Filamin-A (FLNa) is also called Actin Binding Protein-280 (ABP-280) [9-11]. It carries out versatile biological functions in the cell, including organizing cortical actin filament networks and acting as a scaffold for signal transduction [9, 12, 13]. Filamin-A interacts with caveolin-1 to promote caveolae-mediated vesicle internalization, clustering, and trafficking [14-16]. It has also been shown that filamin-A regulates intracellular sorting and redistribution of proteins including epidermal growth factor receptors (EGFR) and furin [17, 18]. We and others have reported that filamin-A plays a role in the regulation of homologous recombination (HR) and non-homologous end joining (NHEJ) through interactions with BRCA1 and BRCA2 [19, 20]. In this context, filamin-A is required for efficient repair of a variety of DNA damages, including single strand breaks (SSBs), double strand breaks (DSBs) and inter-strand cross links (ICLs) [19, 20]. In this study, we tested the role of filamin-A in the modulation of the cellular sensitivity to Topo II poisons. Interestingly, we found that loss of filamin-A expression did not sensitize cells to etoposide and doxorubicin treatments, rather, filamin-A deficient cells are more resistant to these Topo II poisons than filamin-A proficient cells. We further discovered that filamin-A plays a role in regulating the influx and efflux of Topo II poisons. Filamin-A proficient cells incurs more Topo II poison-induced DNA damages compared to filamin-A deficient cells, due to elevated intracellular drug level. This result suggests that filamin-A can be used as a prognostic marker for Topo II poisons based cancer treatments.
The three pairs of isogenic filamin-A proficient and deficient cell lines have been described in previous publications [19, 21]. These cells are: M2 (filamin-A deficient) and A7 (filamin-A proficient), C8161-KD (filamin-A knockdown) and C8161-Con (filamin-A proficient), and MB231-KD (filamin-A knockdown) and MB231-Con (filamin-A proficient). The characterization and culture condition for these cells have been described in previous reports [19, 21]. Log-phase cells were treated with etoposide or doxorubicin, the cellular sensitivity was measured with colony formation assay and growth inhibition assay as described in a previous report .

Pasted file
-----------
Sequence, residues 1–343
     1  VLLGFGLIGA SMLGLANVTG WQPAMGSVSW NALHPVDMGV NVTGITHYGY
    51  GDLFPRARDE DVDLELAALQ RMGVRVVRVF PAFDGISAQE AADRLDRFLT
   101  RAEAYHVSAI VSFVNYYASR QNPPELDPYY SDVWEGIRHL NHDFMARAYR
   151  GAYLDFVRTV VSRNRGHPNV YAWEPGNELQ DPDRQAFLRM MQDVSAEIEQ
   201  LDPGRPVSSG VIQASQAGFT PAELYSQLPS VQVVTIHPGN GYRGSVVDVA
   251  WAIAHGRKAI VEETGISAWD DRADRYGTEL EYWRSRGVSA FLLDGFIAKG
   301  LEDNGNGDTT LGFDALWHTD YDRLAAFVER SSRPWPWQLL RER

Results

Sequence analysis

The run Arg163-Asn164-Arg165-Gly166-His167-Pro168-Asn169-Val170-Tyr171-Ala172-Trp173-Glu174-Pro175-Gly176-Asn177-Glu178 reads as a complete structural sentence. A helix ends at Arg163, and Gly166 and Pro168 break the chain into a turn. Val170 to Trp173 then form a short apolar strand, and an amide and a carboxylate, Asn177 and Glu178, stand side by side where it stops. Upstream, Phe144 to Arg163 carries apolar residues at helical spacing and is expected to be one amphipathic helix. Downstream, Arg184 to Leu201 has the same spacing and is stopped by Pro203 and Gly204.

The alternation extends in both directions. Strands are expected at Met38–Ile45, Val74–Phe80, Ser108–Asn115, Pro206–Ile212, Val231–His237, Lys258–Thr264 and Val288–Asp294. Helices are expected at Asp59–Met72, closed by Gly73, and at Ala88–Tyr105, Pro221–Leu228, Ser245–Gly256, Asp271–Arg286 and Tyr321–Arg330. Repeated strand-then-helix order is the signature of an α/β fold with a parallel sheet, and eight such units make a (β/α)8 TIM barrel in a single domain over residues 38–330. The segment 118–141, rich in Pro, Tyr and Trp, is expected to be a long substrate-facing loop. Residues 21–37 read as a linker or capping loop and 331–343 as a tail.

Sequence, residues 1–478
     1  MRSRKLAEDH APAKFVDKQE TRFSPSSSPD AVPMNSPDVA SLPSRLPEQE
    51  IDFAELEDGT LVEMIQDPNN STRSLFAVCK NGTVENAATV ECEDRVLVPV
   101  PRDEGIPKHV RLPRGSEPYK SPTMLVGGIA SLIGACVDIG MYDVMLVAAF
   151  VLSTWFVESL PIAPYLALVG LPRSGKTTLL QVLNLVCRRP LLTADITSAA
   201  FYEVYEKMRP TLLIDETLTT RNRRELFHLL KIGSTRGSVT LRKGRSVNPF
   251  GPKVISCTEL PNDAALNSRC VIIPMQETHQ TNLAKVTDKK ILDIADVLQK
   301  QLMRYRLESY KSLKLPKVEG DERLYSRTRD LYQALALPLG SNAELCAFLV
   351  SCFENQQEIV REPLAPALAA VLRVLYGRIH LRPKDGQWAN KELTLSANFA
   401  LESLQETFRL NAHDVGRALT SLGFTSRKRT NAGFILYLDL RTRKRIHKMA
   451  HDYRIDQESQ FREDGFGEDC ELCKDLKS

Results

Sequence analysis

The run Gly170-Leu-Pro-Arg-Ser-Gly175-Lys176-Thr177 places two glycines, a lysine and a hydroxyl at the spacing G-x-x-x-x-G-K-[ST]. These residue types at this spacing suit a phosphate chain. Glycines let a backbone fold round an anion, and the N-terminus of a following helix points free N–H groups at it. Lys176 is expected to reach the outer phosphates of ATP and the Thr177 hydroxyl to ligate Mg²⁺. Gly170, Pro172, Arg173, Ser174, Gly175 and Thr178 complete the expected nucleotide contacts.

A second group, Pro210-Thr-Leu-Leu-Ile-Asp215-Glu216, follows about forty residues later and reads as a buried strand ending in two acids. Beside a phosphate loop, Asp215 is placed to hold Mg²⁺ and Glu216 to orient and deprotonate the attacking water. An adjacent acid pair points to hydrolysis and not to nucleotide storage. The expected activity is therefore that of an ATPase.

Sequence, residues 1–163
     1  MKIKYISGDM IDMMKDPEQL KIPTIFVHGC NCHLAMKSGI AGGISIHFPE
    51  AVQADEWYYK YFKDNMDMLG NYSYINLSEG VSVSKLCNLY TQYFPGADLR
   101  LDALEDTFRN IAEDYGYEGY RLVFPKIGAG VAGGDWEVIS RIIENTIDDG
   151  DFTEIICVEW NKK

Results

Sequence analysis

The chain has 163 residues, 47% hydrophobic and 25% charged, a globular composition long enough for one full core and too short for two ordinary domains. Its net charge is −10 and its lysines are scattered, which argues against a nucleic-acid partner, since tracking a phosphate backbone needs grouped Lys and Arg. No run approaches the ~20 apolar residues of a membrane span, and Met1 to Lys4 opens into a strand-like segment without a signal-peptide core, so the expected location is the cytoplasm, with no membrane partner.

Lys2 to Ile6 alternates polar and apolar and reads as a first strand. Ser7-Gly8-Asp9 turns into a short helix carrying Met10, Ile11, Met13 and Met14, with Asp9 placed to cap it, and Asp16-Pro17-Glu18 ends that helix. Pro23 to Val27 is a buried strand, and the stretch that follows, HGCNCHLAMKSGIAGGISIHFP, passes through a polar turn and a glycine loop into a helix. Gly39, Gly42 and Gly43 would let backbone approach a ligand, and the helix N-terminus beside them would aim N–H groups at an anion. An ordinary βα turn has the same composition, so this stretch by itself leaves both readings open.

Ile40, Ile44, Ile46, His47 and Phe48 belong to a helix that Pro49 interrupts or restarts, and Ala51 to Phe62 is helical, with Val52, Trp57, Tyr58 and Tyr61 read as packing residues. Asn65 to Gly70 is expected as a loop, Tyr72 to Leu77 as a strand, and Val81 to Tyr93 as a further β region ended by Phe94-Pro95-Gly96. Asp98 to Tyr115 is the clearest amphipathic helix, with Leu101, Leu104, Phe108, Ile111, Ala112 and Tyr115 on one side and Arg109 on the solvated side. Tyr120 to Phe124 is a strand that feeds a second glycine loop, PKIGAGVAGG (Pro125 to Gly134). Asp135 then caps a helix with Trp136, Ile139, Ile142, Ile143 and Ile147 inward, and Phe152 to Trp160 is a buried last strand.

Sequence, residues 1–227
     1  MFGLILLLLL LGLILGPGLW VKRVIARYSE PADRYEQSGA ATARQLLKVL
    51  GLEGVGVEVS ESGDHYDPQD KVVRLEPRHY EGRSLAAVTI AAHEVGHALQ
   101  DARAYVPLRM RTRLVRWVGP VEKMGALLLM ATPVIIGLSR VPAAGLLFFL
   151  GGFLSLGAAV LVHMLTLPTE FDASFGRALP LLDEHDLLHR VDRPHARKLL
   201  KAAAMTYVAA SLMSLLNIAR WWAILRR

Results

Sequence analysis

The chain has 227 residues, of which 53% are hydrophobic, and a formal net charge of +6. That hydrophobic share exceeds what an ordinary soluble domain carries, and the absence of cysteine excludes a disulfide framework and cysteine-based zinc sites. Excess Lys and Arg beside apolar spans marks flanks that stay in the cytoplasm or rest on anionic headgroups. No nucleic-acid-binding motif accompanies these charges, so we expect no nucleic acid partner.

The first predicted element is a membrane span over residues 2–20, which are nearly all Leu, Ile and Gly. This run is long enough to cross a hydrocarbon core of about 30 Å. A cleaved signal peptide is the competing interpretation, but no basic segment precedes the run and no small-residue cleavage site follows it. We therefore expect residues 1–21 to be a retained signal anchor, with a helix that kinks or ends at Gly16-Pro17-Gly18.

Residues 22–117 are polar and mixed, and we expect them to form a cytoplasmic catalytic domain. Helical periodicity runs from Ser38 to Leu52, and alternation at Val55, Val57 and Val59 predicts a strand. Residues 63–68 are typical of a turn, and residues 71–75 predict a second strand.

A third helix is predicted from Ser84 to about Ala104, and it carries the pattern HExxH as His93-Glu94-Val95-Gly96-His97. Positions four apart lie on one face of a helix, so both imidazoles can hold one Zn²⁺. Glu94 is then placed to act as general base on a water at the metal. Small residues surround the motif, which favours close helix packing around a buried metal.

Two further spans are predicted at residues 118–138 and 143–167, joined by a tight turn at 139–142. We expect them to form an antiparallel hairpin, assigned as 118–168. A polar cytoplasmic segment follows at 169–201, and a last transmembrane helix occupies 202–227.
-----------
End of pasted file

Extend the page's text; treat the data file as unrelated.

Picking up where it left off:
Cells (5 × 104) were plated and grown on glass coverslips for 16 h, then treated with 10 μM of etoposide or 0.25 μg/ml of doxorubicin for 2 hours. Upon the completion of 2 hours drug exposure, cells were washed with PBS and fed with fresh media to allow recovering. At various time points to be specified in the figures, the cells were fixed and stained for γH2AX nuclear foci, using the procedures as described previously [19, 21].
Cells (5 × 105) were treated with 5 μg/ml of doxorubicin at 37°C. The cells were collected by centrifugation at 4°C, after continuous exposure to the drug for 0, 10 and 30 min. After two washes with ice-cold PBS, the cells were re-suspended in 0.5 ml of ice-cold PBS and kept on ice for flow cytometry analysis immediately to determine the relative level of intracellular doxorubicin based on the strength of its auto-fluorescence. The cells were analyzed using a FACS Calibur benchtop flow cytometer (BD Biosciences, San Jose, CA) with excitation at 488 nm, with emission integrated above 530 nm. For each sample, 20,000 cells were analyzed, and experiment was repeated twice.